It has been found that the panel structures of this invention that are made from mixtures of portland cement and various reinforcing agents, such as fiberglass, asbestos fibers and the like, are especially useful in the construction industry. Such panels have many desirable properties, including low weight panels that can withstand a considerable amount of stress and load from any direction. The portland cement type panel components appear to gain strength as they are allowed to cure over long periods of time. Additionally, they can be easily sawed into desired configurations and they can be easily assembled by nailing, by drilling and affixing screws and bolts through such drilled holes, by applying adhesives and the like. The resulting structure is a lightweight and extremely durable structure that resists weathering, actions by various corrosive chemicals and a considerable amount of mechanical stock.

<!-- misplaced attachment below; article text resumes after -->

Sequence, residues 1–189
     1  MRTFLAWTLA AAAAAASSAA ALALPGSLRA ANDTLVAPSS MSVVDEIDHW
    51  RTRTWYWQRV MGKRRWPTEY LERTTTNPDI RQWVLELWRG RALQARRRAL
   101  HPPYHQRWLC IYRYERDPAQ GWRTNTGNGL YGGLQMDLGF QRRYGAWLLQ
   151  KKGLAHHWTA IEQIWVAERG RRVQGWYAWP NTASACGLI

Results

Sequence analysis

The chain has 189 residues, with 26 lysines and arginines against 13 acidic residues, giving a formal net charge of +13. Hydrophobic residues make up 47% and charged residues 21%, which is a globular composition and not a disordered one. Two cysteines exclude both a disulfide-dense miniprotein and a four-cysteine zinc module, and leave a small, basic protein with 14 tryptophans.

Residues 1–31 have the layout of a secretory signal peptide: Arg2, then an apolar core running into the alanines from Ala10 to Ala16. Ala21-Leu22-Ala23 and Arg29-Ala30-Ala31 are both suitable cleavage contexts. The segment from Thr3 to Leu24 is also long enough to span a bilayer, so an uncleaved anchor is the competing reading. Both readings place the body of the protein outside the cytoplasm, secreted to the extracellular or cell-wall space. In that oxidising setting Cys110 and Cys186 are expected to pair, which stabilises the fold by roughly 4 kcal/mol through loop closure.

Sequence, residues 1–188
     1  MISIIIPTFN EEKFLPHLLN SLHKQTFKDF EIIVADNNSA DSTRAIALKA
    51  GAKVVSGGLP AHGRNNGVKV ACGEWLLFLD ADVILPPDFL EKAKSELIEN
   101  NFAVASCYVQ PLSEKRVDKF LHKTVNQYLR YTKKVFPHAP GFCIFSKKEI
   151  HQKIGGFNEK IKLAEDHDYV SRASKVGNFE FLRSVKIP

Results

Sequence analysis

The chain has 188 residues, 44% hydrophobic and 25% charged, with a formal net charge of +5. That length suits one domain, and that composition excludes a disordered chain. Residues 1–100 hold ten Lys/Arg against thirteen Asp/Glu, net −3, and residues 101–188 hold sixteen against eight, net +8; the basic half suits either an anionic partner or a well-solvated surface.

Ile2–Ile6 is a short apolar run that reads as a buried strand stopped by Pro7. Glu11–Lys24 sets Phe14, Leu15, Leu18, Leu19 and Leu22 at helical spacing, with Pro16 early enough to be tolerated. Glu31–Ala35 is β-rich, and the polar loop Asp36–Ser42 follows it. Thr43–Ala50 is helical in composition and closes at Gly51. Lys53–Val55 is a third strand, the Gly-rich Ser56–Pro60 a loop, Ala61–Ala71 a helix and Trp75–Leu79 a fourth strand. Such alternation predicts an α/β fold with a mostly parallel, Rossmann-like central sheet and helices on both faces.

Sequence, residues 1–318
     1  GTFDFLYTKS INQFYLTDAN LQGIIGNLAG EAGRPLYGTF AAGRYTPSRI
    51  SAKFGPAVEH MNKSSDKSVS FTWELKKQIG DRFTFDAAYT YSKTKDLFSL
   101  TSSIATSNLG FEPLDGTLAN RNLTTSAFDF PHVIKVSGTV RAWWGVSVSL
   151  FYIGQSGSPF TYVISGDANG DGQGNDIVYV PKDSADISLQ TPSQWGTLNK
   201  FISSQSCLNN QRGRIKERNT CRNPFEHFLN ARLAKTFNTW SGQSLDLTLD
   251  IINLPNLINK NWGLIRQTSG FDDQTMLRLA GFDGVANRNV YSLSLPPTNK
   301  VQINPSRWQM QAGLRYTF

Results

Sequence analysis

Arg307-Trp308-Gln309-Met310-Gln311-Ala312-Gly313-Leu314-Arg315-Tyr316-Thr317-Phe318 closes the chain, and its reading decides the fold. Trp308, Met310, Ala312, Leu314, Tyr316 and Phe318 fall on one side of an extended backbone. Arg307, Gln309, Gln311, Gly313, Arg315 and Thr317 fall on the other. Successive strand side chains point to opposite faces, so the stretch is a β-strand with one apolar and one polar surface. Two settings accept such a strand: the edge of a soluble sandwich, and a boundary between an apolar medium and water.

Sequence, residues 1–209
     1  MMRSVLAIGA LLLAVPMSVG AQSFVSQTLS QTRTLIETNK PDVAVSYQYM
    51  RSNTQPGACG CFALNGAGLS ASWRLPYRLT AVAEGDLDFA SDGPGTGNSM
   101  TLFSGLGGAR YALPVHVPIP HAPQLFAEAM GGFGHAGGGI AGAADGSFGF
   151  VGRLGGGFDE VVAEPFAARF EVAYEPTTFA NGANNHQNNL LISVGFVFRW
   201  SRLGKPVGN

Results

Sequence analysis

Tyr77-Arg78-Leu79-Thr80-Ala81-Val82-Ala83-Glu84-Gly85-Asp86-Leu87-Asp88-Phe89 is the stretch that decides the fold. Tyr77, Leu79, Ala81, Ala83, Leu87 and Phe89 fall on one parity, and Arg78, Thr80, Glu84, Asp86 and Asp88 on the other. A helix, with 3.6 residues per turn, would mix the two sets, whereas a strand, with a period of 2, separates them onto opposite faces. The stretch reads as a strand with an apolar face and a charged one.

It will be appreciated that the dimensions of the various structural panel components are a matter of choice. It has been found, however, that in producing reinforced portland cement type panels, such as asbestos or fiberglass reinforced portland cement, that the panels will preferably have a thickness of from about two to about six inches from one face to the other face of the panel. The cross sectional area openings of the tapered walled cell structures in the face surfaces of the panels will be preferably in the range of from about 0.5 square inches to about 4 square inches. The thickness of the walls of the tapered walled cells at their thinnest point will preferably be at least about one-sixteenth of an inch with the minimum distance between the edges of adjacent tapered wall cell openings being about one inch apart. Preferably, the cross-sectional area of the tapered walled cell openings will be at least about ten percent less than the maximum cross-sectional area of the tapered wall cell structure at its greatest point, thereby forming a continuous shoulder around the cell opening. Cross-sectional areas of the openings are preferably at least twenty percent less than the maximum cross-sectional areas of the cell because a more substantial and stronger shoulder is formed, thereby improving the load bearing properties of the finished panel structure unit. The minimum size of the tapered walled cell opening will be at least large enough to allow the withdrawal of the molding equipment utilized to form the improved panel structure. In a preferred embodiment, the minimum thickness between the face surface of the structural panel and the apex of the tapered wall cell structure immediately beneath such face surface will be at least about one-eighth inch. This thickness, of course, can vary over a wide range. In some instances, however, it may be desirable to have an opened bottom tapered walled cell structure wherein the apex of the tapered walled cell structure is in the same plane as the face surface of the panel structure opposite the tapered wall cell openings. In such instances, the panel structure of this invention would not be a panel structure wherein there is a seal between the two face surfaces of the panel structure. Such a structure is not particularly preferred from a structural strength standpoint because a considerable amount of load bearing strength is obtained when the apex of the tapered wall cell lies below the face surface that is opposite the tapered cell wall opening. The thickness of material immediately beneath the apex of such tapered walled cell and the face surface of the structural panel adds a considerable amount of strength and load bearing capability to the entire structure.